Regardless of the dog you have decided to share your life with, there are certain behavior challenges we all have to face. On a really bad day, it can be enough to make you want to scream. But, before you do, stop and think about these two things:
- Every dog owner has felt like you do – they got through it and so will you.
- Correction (yelling or other forms of punishment) don’t work. The dog usually doesn’t understand why he is being punished and/or it creates side-effects that are worse than the behavior you were trying to stop.
So take a deep breath and read these 7 common bad dog habits and tips on how to fix them.
#1 – Chewing
All puppies chew. So do adult dogs that were never taught better or who are bored. The first step is management. Don’t leave things around your dog can chew if they haven’t been taught any better. Next, have things on hand that are appropriate for them to chew and if they start to chew on something else, trade them objects.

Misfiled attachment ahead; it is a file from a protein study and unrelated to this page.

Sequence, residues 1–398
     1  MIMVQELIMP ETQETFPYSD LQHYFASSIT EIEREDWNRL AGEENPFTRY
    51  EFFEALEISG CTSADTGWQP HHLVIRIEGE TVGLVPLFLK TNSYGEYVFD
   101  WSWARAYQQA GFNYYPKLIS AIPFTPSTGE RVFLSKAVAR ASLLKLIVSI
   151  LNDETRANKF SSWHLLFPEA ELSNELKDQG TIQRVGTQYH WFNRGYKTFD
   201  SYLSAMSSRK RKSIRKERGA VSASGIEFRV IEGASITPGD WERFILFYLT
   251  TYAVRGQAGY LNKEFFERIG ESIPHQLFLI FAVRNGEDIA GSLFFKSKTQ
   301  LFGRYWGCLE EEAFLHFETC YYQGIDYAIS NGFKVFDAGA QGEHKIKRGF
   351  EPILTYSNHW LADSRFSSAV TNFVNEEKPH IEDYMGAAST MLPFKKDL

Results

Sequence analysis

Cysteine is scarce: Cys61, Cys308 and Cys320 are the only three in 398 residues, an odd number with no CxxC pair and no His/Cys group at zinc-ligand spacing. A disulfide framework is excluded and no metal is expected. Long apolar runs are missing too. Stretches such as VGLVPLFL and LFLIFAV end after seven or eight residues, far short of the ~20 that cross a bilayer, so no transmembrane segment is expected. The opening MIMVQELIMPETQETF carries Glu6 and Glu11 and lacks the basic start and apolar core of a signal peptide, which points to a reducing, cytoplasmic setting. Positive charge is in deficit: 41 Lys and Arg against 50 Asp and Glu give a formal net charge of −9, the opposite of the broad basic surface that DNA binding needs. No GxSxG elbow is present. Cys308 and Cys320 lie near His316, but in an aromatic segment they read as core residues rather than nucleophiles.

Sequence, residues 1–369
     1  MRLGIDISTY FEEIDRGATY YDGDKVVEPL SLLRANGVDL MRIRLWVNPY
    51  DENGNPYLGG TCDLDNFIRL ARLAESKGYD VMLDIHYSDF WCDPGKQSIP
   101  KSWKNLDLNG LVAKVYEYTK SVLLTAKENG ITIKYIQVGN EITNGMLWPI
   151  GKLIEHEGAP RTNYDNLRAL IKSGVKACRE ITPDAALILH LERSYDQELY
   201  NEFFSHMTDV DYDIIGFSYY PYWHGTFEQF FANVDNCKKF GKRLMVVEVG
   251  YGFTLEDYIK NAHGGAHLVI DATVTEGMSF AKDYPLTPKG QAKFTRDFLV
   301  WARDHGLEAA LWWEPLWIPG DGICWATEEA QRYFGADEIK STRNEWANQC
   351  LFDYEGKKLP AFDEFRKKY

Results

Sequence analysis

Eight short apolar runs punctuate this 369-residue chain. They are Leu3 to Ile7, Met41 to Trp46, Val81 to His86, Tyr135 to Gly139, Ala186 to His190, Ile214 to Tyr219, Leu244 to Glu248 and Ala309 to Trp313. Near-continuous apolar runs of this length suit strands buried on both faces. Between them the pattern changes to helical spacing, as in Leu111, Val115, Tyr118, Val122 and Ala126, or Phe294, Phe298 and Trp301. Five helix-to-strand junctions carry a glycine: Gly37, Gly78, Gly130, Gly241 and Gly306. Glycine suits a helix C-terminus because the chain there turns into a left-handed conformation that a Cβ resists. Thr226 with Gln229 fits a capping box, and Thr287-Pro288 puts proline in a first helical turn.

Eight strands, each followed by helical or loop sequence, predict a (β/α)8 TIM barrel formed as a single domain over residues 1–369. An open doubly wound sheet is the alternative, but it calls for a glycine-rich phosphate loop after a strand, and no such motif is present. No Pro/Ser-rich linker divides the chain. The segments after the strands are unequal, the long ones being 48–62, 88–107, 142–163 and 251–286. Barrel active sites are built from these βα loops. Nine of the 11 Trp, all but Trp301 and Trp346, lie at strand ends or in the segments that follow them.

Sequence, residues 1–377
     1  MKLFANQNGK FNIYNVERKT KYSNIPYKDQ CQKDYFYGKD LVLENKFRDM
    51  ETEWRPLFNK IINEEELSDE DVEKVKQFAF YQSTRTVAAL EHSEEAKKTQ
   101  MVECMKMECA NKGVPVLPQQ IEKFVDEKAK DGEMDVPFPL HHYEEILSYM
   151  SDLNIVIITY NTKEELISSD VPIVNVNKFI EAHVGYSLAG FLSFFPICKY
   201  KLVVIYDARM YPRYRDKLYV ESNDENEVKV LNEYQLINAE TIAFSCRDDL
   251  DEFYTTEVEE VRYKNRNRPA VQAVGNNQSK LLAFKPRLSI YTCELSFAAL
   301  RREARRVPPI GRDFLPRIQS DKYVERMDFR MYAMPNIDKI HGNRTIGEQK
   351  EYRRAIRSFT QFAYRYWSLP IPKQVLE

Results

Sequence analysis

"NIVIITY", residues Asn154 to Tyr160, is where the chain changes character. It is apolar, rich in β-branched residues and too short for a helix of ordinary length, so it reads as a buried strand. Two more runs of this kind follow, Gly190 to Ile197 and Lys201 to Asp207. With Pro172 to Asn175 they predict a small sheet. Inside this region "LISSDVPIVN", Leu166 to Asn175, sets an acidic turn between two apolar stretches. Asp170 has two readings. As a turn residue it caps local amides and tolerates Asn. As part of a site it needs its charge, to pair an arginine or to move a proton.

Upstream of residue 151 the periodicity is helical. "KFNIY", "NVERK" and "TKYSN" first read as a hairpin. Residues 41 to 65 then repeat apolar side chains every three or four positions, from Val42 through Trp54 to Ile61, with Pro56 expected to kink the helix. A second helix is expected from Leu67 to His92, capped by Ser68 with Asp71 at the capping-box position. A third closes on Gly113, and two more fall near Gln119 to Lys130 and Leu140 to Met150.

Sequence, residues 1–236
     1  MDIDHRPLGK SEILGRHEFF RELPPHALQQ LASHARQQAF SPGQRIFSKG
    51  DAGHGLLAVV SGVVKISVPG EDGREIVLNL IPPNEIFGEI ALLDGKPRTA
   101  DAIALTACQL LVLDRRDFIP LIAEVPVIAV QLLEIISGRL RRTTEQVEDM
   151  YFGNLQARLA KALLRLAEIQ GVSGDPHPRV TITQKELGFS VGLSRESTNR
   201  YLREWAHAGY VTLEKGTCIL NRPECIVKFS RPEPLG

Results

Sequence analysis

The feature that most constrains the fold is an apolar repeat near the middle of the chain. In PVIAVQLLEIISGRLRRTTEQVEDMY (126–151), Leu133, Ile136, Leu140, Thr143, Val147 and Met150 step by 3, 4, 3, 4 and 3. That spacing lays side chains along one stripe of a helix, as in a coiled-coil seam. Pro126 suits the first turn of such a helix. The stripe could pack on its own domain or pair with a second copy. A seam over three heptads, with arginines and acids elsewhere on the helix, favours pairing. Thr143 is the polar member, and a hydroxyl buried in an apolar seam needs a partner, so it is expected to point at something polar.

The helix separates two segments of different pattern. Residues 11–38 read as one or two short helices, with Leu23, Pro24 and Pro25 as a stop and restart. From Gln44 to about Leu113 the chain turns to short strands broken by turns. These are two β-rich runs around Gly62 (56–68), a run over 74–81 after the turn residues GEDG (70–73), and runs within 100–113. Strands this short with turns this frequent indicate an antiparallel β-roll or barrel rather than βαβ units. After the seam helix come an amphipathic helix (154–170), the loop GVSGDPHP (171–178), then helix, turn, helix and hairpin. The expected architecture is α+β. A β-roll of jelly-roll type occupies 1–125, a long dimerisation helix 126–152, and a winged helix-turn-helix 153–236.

When away, don’t leave your dog loose so they have a chance to practice the bad behavior. Reward them with praise and/or a treat when you see them making the right choice and chewing on a dog toy. Teaching a leave it and a drop cue can also help.
#2 – Jumping up
Dogs don’t see why this is a bad thing – they want to greet you and nine times out of ten, they get attention when they jump up. And therein lies the solution. If you want your dog to stop jumping up, make sure they do not get any attention (positive or negative!) when they clobber you. Instead, turn your body away and ignore them. When they have four-on-the-floor, then you can turn back and give them pets and praise.